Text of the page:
PEGGY TROJAN and her husband live in the north woods of Wisconsin in a house they built not far from her childhood home after they retired from teaching. She is the mother of six, grandmother of eight and great-grandmother of two. She submitted her first poem for publication when she was seventy-seven, and has been enjoying seeing her work in print. She has been published in the Boston Literary Magazine, Naugatuck River Review, Talking Stick, Wisconsin People and Ideas Magazine, Thunderbird Review, Little Eagle’s Re/Verse, Your Daily Poem, and many other journals and anthologies. Her chapbook collection of poems about her parents, Everyday Love, is available on Amazon. She is a member of Wisconsin Fellowship of Poets.
Co-Winner 2017 Helen Kay Chapbook Prize
Free Range Kids by Peggy Trojan
Young readers will be introduced to childhood without video games or cell phones, while seniors – especially those from small towns – will revel in memories of chores and the many ways children entertained themselves. The collection is as tasty as the potatoes retrieved from a charcoal fire after sledding in the snow – Wilda Morris, Editor, Wilda Morris Poetry Challenge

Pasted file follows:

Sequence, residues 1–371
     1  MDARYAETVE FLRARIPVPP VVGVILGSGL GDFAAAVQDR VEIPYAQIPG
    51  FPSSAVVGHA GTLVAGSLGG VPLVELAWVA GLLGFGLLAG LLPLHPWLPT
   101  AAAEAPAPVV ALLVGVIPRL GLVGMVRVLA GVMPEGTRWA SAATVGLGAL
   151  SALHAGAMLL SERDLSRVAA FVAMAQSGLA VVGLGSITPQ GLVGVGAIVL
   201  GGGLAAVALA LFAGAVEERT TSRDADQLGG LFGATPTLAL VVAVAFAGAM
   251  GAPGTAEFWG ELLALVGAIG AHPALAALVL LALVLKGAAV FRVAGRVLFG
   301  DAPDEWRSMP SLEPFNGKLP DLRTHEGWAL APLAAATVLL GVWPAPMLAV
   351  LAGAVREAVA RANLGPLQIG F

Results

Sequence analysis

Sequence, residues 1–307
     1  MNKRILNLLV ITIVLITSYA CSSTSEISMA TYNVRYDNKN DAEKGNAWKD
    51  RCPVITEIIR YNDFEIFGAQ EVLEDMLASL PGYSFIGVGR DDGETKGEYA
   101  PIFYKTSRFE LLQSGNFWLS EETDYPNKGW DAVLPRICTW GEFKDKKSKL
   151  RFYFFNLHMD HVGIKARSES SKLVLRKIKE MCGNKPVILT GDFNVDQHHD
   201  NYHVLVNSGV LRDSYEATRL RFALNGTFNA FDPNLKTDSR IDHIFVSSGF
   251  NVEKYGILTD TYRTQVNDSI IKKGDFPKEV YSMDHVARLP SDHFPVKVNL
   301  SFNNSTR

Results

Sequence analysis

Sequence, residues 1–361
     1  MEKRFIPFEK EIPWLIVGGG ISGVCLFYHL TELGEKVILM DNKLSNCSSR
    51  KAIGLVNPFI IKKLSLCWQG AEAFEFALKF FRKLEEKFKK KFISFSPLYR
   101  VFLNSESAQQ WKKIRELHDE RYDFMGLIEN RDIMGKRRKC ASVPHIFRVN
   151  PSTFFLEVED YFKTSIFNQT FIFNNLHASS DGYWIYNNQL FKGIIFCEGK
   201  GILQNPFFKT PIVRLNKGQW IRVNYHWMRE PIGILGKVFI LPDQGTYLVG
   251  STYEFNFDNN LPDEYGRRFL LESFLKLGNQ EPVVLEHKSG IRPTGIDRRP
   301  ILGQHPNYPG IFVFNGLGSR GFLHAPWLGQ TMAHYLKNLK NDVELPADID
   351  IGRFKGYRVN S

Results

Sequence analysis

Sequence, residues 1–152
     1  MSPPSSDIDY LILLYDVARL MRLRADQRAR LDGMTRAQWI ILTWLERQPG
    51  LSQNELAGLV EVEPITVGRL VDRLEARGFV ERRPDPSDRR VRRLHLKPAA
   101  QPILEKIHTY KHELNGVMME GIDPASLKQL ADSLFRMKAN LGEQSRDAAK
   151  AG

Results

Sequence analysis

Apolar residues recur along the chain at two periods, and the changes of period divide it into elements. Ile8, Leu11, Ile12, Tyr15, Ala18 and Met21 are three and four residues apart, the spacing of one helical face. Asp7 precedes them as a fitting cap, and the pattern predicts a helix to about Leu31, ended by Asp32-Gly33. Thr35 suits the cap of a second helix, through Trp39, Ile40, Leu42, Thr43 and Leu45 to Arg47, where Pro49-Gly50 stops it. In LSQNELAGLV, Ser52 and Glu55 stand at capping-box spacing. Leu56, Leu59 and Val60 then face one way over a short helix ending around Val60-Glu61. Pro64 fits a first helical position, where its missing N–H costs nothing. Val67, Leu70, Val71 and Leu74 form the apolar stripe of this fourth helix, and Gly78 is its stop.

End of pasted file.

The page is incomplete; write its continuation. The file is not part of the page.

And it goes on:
Peggy Trojan was there on the Home Front, an eight to twelve year old girl from northwest Wisconsin as “the world was burning” (“Winter Hill 1943”) thousands of miles away. We see through her eyes as she witnesses “the heroes at home” (“Home Front”), the rationing and the tragedy of neighbors switching the Blue Star for the Gold Star in the window. These are poems of great tenderness and simplicity, powerfully remembered… “the girls played house and the boys played war” (“Playtime”). —Bruce Dethlefsen Wisconsin Poet Laureate (2011-2012) author of Small Talk, Little Eagle Press
Peggy Trojan’s poetry is straightforward and focused, yet lyrical and poignant. Through clean images and sharp details, she takes us to a time when war was a daily reality. This book is both a poetic and historical treasure. —Jan Chronister Fond du Lac Tribal and Community College author of Target Practice, Parallel Press
What a pleasure this collection is! Clear-eyed and perceptive, these narrative poems in Homefront by Peggy Trojan tell the story of a child in small Midwestern town during World WWII: the music, the girls playing jacks, the buttons on underwear, the ration books, the small town general store, and “for the first time/ questioning if man was kind.” It’s a chronicle of the war effort, and readers will be delighted with the sharp images of growing up, the privations and pleasures, the interesting portraits of people, and the news dispatches of the war and Holocaust seen through the eyes of a child. Every poem is necessary to this collection, and each captures a time and a place, returning to us the stories and strengths of our parents and grandparents. She paints with words, and her language is both plain-spoken and beautiful and full of pathos. These poems are lit with love. —Sheila Packa Duluth Poet Laureate 2010-2012 author of Night Train Red Dust, Cloud Birds, and Echo & Lightning